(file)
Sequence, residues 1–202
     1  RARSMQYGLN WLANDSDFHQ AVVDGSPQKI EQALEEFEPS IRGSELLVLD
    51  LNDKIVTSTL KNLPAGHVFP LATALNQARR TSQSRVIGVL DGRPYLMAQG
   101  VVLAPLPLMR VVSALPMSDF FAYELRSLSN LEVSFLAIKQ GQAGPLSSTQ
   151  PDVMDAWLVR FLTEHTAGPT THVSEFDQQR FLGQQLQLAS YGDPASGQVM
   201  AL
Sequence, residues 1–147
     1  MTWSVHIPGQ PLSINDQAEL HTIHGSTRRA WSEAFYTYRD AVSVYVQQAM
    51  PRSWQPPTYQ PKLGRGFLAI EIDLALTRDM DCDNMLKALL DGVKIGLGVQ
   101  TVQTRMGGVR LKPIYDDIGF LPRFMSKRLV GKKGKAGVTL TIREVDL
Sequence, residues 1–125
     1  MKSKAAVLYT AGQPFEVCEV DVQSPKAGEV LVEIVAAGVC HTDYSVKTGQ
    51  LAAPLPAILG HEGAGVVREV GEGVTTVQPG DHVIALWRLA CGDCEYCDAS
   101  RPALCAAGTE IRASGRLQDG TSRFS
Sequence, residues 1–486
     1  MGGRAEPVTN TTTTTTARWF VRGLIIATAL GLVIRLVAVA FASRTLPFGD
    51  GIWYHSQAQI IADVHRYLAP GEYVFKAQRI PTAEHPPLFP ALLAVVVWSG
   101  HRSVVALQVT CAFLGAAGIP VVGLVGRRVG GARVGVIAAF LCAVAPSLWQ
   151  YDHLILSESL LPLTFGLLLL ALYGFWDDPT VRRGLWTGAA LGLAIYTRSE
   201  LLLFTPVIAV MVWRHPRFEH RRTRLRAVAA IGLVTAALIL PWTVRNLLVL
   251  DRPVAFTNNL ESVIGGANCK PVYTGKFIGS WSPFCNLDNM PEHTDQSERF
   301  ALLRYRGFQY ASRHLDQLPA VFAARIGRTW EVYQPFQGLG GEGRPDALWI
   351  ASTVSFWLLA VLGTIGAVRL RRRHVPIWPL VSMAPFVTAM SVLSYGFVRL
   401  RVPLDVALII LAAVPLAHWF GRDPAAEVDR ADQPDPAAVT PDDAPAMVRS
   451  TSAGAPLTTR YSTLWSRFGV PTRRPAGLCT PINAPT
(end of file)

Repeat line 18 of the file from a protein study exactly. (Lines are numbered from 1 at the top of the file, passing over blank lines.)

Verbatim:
   101  HRSVVALQVT CAFLGAAGIP VVGLVGRRVG GARVGVIAAF LCAVAPSLWQ